St Kilda

Guideliner Hebridean Wildlife Cruises

St Kilda

Please note that there are a lot of photographs on this page and it may take some time to download – if you are interested in St Kilda then it should be worth the wait!!

Trips to St Kilda are run throughout the season, as part of some of our 12 day cruises.

Our Western Isles & St Kilda trips are aimed at the wildlife enthusiast, as are all our cruises.  If you simply wish to visit St Kilda and have no interest in the wildlife to be found there, please contact another cruise company (see links)

As we look back from St Kilda, we can see the main island Hirta in the distance.  Dun is the rocky ridge to the left, with village bay in the middle, overshadowed by the cliffs of Oiseval (293 meters high).

The sad history, the isolation and the unique wildlife make St Kilda one of the most sought after places to visit in the world, indeed it is now a World Heritage Site. During the first world war, the villagers had access to a radio, and one evening a German submarine entered Village Bay (the main and really only safe anchorage) and shelled the houses. Everyone took to the hills and only minor damage was done, although the radio was destroyed. Later a gun was fitted to overlook and guard the bay. Needless to say, the Germans never came back and the gun has never fired a shot in anger! Here you can see a Russian owned cruise ship on anchor with the cliffs of Dun behind.

After the inhabitants voted in the 1930’s to leave, the island was deserted until the army took it over as part of a weapons testing range. Missiles are still fired from the base on Benbecula and their progress is monitored by radar from St Kilda, although now by civilian contractors.

For many years fishing boats have entered village bay to take advantage of the shelter.

However once in village bay, among the most obvious things you notice are the military installations both around the village and on the hilltops. The base is now run by a civilian company, who provide a lot of welcome help to visitors and National Trust for Scotland staff.

However even this intrusion cannot radically alter the magnificence of the bay. In this image you can see the full extent of the anchorage, with the village itself in the foreground and the island of Dun in the distance, sheltering the bay from the southerly swells.

To our great surprise on one of our visits to Kilda, the “Discovery” an enormous cruise ship arrived in the bay intent on landing 600 passengers!! Low water at the pier prevented them landing and they settled for tours around village bay, for which we were very thankful.

The landing itself can be something of a trial if the swell is anything other than slight and many of the visiting cruise ships fail to make a landing. 

With Guideliner Hebridean Wildlife cruises, not just a landing must be made in order for the trip to be called a success. In fact, our normal routine is to arrive in time to spend an evening looking around the village; then a full day spent exploring Hirta on the following day. Lastly we try to cruise around the whole archipelago, including the stacs and Boreray, before we leave. On the last fourteen consecutive trips we have been successful on twelve of them, due I am sure to the fact that we have twelve days in which to get the right weather!!!!

The National Trust for Scotland looked after the island for many years but it is now in the hands of Scottish Natural Heritage who keep a warden there during the summer months. Volunteers are able to stay on the island for two weeks when they help to repair and reconstruct some of the village.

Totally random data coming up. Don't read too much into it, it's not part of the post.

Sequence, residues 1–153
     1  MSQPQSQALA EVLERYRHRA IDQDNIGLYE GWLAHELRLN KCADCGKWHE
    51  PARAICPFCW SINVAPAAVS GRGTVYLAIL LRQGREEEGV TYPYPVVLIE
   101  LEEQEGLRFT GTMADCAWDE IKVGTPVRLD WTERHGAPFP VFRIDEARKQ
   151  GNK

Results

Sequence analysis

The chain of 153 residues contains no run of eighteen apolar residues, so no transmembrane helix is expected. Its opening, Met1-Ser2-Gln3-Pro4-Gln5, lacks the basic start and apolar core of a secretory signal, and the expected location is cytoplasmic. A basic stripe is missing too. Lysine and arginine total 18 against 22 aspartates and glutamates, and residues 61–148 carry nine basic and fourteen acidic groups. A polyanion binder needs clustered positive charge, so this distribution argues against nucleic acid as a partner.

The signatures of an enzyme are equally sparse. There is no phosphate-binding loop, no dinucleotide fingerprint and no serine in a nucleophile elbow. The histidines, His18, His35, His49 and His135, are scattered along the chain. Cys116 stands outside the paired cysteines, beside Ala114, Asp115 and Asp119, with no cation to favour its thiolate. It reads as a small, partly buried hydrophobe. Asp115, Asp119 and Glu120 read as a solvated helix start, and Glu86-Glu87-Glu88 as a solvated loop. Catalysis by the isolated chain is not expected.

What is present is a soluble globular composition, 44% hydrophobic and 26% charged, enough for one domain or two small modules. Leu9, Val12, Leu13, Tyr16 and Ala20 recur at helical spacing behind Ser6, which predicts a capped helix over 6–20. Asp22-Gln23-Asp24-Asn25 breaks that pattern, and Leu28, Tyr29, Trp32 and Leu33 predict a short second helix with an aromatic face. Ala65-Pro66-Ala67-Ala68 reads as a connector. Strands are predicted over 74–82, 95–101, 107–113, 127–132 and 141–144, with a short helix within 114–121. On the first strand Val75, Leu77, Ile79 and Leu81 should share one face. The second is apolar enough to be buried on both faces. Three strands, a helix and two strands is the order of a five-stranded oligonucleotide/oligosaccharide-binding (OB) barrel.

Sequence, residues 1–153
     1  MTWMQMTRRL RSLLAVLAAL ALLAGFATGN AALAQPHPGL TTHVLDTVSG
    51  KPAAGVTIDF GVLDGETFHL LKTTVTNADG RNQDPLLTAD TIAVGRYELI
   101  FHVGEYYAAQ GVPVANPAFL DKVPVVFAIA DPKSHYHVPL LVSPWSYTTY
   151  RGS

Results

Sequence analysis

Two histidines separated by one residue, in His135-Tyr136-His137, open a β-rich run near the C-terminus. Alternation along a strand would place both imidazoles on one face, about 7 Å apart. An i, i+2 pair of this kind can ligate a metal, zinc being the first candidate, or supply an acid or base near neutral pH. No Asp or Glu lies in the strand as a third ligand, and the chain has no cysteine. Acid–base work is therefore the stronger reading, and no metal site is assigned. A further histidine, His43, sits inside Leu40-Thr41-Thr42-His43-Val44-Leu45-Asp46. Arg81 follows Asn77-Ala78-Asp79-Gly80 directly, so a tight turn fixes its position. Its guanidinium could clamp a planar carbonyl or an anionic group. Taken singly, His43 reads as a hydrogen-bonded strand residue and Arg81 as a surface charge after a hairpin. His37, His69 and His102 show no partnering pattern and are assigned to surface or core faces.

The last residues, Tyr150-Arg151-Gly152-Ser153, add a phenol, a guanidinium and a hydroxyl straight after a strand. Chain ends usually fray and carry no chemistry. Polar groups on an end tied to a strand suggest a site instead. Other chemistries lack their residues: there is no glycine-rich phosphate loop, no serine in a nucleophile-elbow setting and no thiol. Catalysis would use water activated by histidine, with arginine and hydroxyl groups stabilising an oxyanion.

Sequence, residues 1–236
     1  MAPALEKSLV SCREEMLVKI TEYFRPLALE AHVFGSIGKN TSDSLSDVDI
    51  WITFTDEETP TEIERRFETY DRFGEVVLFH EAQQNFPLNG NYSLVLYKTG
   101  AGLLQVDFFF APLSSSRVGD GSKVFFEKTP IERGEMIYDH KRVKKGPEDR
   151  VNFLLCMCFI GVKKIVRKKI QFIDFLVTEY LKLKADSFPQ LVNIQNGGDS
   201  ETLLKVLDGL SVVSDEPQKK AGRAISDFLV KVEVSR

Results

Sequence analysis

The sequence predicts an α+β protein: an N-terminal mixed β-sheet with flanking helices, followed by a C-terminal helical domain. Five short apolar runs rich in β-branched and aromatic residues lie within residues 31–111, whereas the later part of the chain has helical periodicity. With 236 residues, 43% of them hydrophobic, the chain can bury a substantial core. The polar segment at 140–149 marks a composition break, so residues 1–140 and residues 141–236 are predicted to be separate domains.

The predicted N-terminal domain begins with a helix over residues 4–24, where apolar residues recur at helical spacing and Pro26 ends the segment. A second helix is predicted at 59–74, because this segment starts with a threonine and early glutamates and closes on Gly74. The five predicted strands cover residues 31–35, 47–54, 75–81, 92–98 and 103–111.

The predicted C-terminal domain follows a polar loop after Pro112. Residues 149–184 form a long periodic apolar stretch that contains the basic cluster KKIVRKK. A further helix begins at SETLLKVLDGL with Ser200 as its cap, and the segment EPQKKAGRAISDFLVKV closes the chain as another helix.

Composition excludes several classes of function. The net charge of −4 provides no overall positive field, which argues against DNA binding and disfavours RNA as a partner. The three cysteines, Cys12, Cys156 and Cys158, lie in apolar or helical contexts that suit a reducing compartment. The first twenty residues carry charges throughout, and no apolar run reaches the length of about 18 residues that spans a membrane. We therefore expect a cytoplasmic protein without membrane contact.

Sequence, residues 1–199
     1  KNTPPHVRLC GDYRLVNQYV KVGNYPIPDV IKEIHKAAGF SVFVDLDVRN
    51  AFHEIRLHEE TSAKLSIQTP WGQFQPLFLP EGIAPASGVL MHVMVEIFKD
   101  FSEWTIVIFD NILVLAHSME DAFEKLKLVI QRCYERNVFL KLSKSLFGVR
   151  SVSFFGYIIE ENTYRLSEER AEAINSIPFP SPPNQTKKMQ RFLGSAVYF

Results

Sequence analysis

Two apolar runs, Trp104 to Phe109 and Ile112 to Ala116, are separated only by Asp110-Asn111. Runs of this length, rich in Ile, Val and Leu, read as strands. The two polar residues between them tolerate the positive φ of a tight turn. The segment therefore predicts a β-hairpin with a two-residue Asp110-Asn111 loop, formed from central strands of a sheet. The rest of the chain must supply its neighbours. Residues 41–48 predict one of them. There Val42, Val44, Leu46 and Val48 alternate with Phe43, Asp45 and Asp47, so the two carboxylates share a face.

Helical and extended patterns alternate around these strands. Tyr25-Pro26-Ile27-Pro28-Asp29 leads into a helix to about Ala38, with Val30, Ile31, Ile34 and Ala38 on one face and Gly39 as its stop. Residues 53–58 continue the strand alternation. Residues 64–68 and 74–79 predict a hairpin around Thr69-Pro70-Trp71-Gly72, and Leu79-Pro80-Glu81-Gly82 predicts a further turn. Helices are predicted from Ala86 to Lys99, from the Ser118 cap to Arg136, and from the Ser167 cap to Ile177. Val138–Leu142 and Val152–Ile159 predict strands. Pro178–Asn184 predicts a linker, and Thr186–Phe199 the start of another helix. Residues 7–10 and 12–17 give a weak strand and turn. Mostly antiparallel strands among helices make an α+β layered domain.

Once ashore, the warden will come along and give a briefing on the various safety rules and of course a few instructions in how to behave while on the island. The cliffs can be dangerous and there is no mountain rescue team on the island so care is needed when exploring! Visitors are requested not to go outside the village perimeter alone.

One of the many tasks facing the warden is to continue with the research being done on the indigenous sheep. Not only are the Soay sheep which run wild on Hirta and Soay of interest, but also the Black faced sheep which are totally feral on Boreray. They are counted with the help of a spotting scope from the “Gap”.

After the introductory talk we are able to take a walk through the village, past the reconstructed houses and perhaps into the museum.

The ruined houses can have a profound effect on visitors and there is a great feeling of sadness about the village which seems to permeate every stone

The cemetery has graves dating right up to recent times, containing those who departed these shores but wished to return here to be laid to rest.

Opposite the village, on the flanks of Ruaival, at what was thought to be the site of St Brianan’s (St Brendan- a contemporary of St Columba) chapel, archaeological excavations are under way. It now appears likely that the site, formally thought to be religious, is more likely to be an agricultural dwelling!

After looking around the village area, a walk over the bealach (pass) to Glenn Mhor is next. The path is steep, and looking back it is possible to see just how intrusive the modern buildings are. 

From the top, the view down into the big glen makes all the puffing and panting worthwhile. This was where the original village was before the inhabitants moved over the hill to village bay. Glenn Mhor has several very ancient remains well worth a visit.

At this point, the famous lovers stone can be seen on the western slopes. In earlier years when the island was inhabited by the true St Kildans’, young men, who wished to marry, were required to walk to the very edge of the stone and stand there holding one foot at waist level. Perhaps the drop of some 700ft might have made one or two contemplate a life of celibacy.